In the beginning, Selene created the heavens.
Now the empyrean was formless and void, darkness was over the surface of the deep, and a lady moved upon the waters.
A pale lady, lissome, translucent, robed in damask, organza and silk that phosphoresce within her light. She walks out from the shores of Heaven onto the empyrean. It is dark and void, and the waters are deep. Her movement cuts a delicate, luminous scythe across the transparent fathomless sea.
Upon the nacreous shore is strewn the jewels of Heaven – sapphire, garnet, peridot, topaz, aquamarine, ruby, chalcedony and chrysoprase, jasper, amethyst, opal, diamond and countless pearls, all made round and smooth by the endless tides of the astral ocean.
Her light shines in the uncomprehending darkness. But though she casts her gaze deep, and pours out her light to probe the hyaline depths, she discerns nothing. In the infinite depths of the empyrean there is nothing but void.
And Selene says, I have found naught here; in this void nothing is. So, let there be light! I will bring light into the astral waters, and in time they may be found by many.
So she takes the stones from the shores of Heaven – the sapphires and rubies, the peridots and opals, the diamonds and pearls – and casts them, one by one, into the waters. The stones from eternal paradise, lambent with the light of Selene, fall and are caught suspended in the empyrean.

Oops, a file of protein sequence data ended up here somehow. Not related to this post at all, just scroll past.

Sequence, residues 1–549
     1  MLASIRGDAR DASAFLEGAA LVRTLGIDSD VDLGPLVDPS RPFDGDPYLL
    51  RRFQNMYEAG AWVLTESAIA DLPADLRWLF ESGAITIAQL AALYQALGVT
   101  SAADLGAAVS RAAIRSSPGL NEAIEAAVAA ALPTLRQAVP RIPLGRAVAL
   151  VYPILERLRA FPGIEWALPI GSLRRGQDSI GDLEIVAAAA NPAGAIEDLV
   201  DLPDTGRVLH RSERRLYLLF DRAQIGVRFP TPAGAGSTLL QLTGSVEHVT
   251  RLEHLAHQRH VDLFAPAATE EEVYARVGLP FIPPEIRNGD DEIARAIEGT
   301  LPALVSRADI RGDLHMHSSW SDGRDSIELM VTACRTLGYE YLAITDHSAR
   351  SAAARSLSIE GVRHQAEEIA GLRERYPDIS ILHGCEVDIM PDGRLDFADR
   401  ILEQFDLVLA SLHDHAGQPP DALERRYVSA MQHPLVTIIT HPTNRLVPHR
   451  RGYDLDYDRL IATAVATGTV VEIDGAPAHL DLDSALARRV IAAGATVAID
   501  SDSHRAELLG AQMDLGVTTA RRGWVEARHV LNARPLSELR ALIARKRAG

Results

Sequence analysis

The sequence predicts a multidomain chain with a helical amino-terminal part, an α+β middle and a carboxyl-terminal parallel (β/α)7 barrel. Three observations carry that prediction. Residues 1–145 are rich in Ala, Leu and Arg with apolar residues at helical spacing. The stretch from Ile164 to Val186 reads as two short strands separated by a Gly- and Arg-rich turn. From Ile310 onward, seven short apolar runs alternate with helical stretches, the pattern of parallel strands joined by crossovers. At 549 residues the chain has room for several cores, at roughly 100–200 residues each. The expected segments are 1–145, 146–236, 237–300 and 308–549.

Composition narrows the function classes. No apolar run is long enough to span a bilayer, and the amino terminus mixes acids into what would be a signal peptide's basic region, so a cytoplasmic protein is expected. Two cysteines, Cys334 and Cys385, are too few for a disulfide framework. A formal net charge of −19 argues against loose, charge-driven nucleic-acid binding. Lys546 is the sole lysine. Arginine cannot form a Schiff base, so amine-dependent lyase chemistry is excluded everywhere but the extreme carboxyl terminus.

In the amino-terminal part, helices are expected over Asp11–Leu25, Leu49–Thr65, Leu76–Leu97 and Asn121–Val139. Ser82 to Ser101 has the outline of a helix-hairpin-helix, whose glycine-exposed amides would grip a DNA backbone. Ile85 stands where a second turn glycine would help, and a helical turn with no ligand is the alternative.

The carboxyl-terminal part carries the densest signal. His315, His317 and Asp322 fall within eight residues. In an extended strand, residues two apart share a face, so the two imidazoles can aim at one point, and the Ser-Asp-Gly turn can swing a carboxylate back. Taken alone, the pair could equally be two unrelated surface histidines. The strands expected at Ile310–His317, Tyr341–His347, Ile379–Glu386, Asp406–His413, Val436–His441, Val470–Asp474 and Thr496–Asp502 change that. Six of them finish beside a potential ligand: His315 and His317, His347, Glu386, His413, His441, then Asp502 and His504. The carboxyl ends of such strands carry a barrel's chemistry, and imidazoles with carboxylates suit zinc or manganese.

Thus Selene created the lights of the empyrean, bright jewels in waters now no longer void, bringing light where there was darkness. And in time the stones became encased in wreaths of empyreal fire, and were called by other names, but all stars remember that they were once pebbles upon the shores of Heaven, unveiled in the empyrean only through the hand of Selene, and should they return to the nacreous shore they would become pebbles once more.
Later, much later, came the celestial fishermen, who would capture these stones in their quantum nets and draw them from the empyrean – quenching all star-fire as they did – and cast them back in distant waters, for reasons known only to immortals. And mortals upon the worlds would say that the movement of the stars speak the fates of those who look upon them in that hour of celestial change. But of how this came to be is another story.
(Written 06 March, 2008.)